What Is a Softphone and How Can It Help Your Business?

There's no question that voice over internet protocol (VoIP) technology has big savings and other benefits for businesses. However, with the future of work becoming increasingly mobile, some business administrators are wondering if they are making the most of not only VoIP but other modern technologies, such as video calling, analytics, and collaboration tools. This is where the softphone comes in.

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What Is a Softphone?

It's not a traditional phone at all but a software app installed to a device — like your smartphone or laptop — that allows you to make internet-based calls. When you call someone from your computer instead of your desk phone, the app you're using is a softphone. It's what facilitates device-based communications over the internet in contact centers and other business settings.

Business VoIP service typically includes a softphone client or application. This allows you to use your office phone system from your computer or mobile device just as you would on your desk phone. You're essentially taking your office phone with you when you use a softphone.

What Are the Employee Benefits of a Softphone?

For employees, the biggest advantage of a softphone is flexibility. Because the phone number used is web-based, you can make and receive calls from the same number whether you're using your smartphone, computer, or desk phone.

Likewise, applications can be built or integrated into the tools your people already rely on. Consider a mobile app with a "Help Me" section that rings directly to dedicated customer support agents. Those calls can dial directly into your dedicated contact center. It allows customers to connect with the right people every time, which keeps satisfaction rates and other key performance indicators (KPIs) high.

A softphone does all this without the need for dedicated phone equipment, offering essential calling features like three-way calling, call waiting, voicemail, and dozens more anywhere there's a network connection. That level of flexibility and integration makes VoIP a great choice for practically any business with communications needs.

What Are the Business Advantages of a Softphone?

The same flexibility that makes softphones so useful in the field directly translates to the business setting, where your business can realize a number of efficiencies and savings:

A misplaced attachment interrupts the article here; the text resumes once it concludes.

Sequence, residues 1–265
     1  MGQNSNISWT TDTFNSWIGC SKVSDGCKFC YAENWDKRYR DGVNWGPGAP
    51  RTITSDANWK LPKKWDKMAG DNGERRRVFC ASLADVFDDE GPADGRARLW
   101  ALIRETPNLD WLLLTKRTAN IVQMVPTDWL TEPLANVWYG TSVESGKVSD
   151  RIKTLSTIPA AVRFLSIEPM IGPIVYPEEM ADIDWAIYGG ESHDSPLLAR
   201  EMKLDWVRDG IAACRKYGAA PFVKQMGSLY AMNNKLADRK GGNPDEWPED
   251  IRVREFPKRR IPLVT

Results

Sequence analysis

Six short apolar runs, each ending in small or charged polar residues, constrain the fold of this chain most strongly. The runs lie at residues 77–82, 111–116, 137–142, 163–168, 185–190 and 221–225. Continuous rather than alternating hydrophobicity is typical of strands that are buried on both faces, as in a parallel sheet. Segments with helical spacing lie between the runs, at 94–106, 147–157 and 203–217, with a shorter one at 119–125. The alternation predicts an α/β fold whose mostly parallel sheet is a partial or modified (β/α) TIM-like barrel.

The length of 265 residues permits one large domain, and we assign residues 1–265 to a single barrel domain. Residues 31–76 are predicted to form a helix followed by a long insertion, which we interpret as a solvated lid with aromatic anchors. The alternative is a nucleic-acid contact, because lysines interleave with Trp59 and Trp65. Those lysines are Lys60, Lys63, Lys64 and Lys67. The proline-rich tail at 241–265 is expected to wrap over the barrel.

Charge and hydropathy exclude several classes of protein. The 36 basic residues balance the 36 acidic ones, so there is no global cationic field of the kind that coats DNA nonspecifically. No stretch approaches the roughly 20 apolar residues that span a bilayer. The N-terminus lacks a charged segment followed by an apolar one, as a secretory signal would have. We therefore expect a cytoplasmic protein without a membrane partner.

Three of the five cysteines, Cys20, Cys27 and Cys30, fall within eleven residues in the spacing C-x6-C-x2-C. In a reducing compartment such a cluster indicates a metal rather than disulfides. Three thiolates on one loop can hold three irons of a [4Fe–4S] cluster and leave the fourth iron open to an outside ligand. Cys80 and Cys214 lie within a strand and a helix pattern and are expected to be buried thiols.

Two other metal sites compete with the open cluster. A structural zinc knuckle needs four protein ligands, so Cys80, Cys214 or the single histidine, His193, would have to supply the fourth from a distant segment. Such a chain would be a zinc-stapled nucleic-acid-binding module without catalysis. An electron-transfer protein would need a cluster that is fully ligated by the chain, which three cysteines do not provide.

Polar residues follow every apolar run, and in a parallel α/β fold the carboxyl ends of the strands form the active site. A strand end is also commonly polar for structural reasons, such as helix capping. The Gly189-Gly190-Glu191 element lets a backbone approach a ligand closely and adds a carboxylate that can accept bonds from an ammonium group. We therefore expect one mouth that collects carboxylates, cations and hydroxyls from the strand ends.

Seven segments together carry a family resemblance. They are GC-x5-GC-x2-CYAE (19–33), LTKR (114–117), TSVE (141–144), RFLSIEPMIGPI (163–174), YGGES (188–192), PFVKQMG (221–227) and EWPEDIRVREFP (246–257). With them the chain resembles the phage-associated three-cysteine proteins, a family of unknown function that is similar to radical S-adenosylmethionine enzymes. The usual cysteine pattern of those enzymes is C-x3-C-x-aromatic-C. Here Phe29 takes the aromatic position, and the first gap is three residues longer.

• Less reliance on legacy hardware: Whether you roll VoIP into your current private branch exchange (PBX) systems or go all-digital, more VoIP means less need to use costly, cumbersome analog technology for communications.

  • Long-distance savings: VoIP is substantially cheaper to operate monthly than business phone systems. That's especially true for businesses that make international and long-distance calls — the very use cases VoIP was designed for.

  • Easier footprint rollout: A softphone's flexibility makes it perfect to add to your near-future communications plans. If your company is looking into next-level tools like unified communications, it's worth diving into VoIP now to help future-proof your business and remove legacy communications tools.

The faster you move forward, the faster you can grow your business's ability to work and stay connected.

What Do You Need to Get Started?

Not a lot. You'll need an internet connection and a choice of service providers. From there, your employees or IT team can install softphones themselves. A small business installing softphones on bring-your-own devices and an enterprise doing a full-scale rollout will obviously have different objectives, but the idea's the same no matter what level you're at.

One note: An increased use of softphones can create substantial network traffic and competition for network bandwidth. To combat this issue, many enterprise-level organizations install network tools such as multiprotocol label switching (MPLS) or a software-defined wide area network (SD-WAN) that can optimize bandwidth and prioritize traffic. In turn, this maintains the quality of service for communication across the entire business.

What's the Future of Enterprise Communications?

To recap, softphones give more flexibility and greater access to on-the-go workforces. In a very real way, the technology is the backbone of the future of communications. Let's go over a few more advantages softphones can offer your business:

  • Online messaging: Softphones aren't hardware-based and include features like online messaging. Why call when a quick SMS or chat will do?

  • Presence indication: User availability displays show if they are away, available, or busy, so employees don't waste time calling colleagues who aren't reachable.

  • Call recording: You can easily record calls for employee monitoring and quality assurance purposes.

  • Ease of migration: Where do your employees want to work? How much time do they want to spend fighting with phone technology? For most companies, the answers are "everywhere" and "as little as possible." Softphones provide the best of both worlds: Employees can take their numbers with them wherever they go and on whatever devices they choose, and they don't have to worry about complicated setup or deployment.

  • UCaaS and IoT: Unified communications as a service (UCaaS)and the internet of things (IoT) are the next steps of enterprise interaction. Softphones support these by providing a simple, lightweight communications platform across multiple devices and offering many of the features companies demand from UCaaS deployments. 

Bottom line: Softphones are on the front lines of changing how staff members work and connect with each other every day.

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